I'm an aspiring writer and I'd really love to write for Gilmore Girls. I have written two GG scripts already, but I've heard you shouldn't write a spec script for the show you want to write for. My problem is that no other show is like Gilmore Girls. I think I have a similar "voice" and a similar sense of humor. I would love to be able to showcase that and show the producers I have what it takes to write for them. Any suggestions as to where to start?
First of all, this happens to everyone who starts writing television. There's always one show you absolutely fall in love with and want to write for, and that's great -- because that's what gets you to write your first spec. And you learn and get better with each one you write.
But here's the thing: at some point, you'll realize that you don't want to write for one show, you want a career as a television writer. That's very different. Professional TV writers work on good shows, bad shows, and the vast number of shows that fall in between.
The truth is, by the time you're ready to write professionally, Gilmore Girls will be off the air. Not because you're not already a good writer, but because it takes time to build the relationships you'll need to break in. First, you need an agent. It's possible to sell a film without an agent, but not a TV script. You can't submit yourself in television; you need someone to get you through the door. You also need friends in the business -- they can read you and, if they like you, get you read by their friends whether you have an agent or not. Which brings me to my next point: you don't say where you live. To write for network television you must live in Los Angeles.
To write for local television, you can live wherever you want -- I wrote and produced for PBS in Maryland for years. But when I wanted to make the move into action-adventure television, I had to move to LA. You have to make contacts, you have to have access to agents, you have to read the trades, you have to work as someone's assistant on a show. That's how people get their breaks.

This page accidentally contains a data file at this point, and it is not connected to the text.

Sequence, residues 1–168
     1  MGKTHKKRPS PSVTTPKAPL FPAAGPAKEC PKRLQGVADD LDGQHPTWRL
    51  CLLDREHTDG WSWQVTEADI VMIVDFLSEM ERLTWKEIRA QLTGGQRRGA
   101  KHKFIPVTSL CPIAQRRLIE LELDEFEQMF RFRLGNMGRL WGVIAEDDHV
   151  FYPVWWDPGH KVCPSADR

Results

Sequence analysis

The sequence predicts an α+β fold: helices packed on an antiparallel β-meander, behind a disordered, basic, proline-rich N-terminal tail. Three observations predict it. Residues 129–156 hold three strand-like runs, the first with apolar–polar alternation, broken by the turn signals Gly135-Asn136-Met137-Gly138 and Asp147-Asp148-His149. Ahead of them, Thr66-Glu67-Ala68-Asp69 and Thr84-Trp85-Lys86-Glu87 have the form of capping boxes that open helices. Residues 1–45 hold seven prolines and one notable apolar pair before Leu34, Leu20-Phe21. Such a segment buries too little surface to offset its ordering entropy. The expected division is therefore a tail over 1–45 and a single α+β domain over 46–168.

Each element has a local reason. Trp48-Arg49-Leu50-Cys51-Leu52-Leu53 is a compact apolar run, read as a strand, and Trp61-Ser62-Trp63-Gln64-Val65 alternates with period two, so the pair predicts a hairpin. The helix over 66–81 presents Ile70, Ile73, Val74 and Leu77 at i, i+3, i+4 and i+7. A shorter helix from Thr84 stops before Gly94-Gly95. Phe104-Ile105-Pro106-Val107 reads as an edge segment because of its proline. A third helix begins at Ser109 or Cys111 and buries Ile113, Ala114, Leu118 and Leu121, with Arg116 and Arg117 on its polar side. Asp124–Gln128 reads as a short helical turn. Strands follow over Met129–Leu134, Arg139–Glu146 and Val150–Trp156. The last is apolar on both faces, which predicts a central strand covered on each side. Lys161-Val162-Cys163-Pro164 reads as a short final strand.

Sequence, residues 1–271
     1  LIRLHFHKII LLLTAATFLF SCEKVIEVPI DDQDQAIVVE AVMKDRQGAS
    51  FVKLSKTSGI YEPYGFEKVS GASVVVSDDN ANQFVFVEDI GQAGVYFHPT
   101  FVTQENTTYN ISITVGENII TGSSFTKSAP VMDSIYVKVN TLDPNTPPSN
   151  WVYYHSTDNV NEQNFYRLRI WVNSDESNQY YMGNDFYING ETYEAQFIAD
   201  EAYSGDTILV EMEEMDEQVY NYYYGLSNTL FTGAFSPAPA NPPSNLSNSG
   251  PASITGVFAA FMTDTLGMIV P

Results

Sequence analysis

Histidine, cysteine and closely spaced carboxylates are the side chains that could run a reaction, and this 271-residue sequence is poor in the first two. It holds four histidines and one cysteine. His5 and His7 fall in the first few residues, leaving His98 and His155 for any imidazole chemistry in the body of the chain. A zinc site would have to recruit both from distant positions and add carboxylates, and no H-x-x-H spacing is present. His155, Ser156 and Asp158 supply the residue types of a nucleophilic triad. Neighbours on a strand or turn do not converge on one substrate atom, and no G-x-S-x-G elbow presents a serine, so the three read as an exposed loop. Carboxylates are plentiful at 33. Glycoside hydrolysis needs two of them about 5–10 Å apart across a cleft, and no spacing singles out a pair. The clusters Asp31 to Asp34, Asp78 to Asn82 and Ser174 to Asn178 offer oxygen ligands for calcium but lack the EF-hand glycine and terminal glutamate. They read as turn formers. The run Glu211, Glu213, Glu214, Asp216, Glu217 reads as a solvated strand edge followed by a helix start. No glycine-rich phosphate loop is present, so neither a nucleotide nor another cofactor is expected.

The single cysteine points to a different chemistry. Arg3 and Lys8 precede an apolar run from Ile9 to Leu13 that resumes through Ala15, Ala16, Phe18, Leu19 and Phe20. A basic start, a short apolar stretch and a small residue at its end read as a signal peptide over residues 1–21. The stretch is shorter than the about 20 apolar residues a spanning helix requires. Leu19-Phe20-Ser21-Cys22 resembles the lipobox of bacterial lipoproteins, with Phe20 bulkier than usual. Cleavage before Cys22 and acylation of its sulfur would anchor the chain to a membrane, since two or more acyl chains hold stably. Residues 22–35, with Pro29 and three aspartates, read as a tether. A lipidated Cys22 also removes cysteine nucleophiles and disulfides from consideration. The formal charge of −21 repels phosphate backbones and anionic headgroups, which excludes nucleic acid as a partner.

Now, having said that, there are exceptions. One way to break in from out of town is to enter contests. There are many writing contests, and increasingly they cater to TV scripts. That was my first break: I won the Scriptwriters Network Carl Sautter Memorial Screenwriting Contest with a TV script, and suddenly I was being read by agents and was asked to pitch to Star Trek: Voyager. I highly recommend the Scriptwriters Network -- low dues, and their two TV competitions a year are open to members only and give written feedback. They also have great guest speakers monthly, and if you live out of town you can get audio tapes of the meetings. Website is http://scriptwritersnetwork.com
Other contests can be found at http://www.moviebytes.com
Another way through the door is to write a feature. And this was your real question -- how to get noticed by GG, who legally can't read your specs for their show. Write anything that showcases your voice. A spec for another show is always an option, but you might have more fun with a feature -- and the great thing about features is they have a life of their own. Try writing a family film, or a grown-up romantic comedy about a woman with a teenage daughter. You can get these read by production companies without an agent by contacting and pitching to them directly; if it gets optioned, suddenly you've got leverage, a good shot at getting an agent, and entree into TV shows that have the same voice (like GG). Best of all, you don't have to move to LA until you already have a career brewing.
Finally, make sure your scripts are ready; get other people to read them before you send them to agents or producers (a writers group is invaluable). Referrals from friends are a great way to get read, so network. Enter contests that give you feedback and/or entree (and that don't cost too much).
Hope my answers inspires rather than discourages you -- I still love my Lois & Clark script, which was the first one I wrote. I never got a chance to work on the show, but writing that spec made me feel as if I had; to some extent, just writing what you love is its own reward. Good luck!
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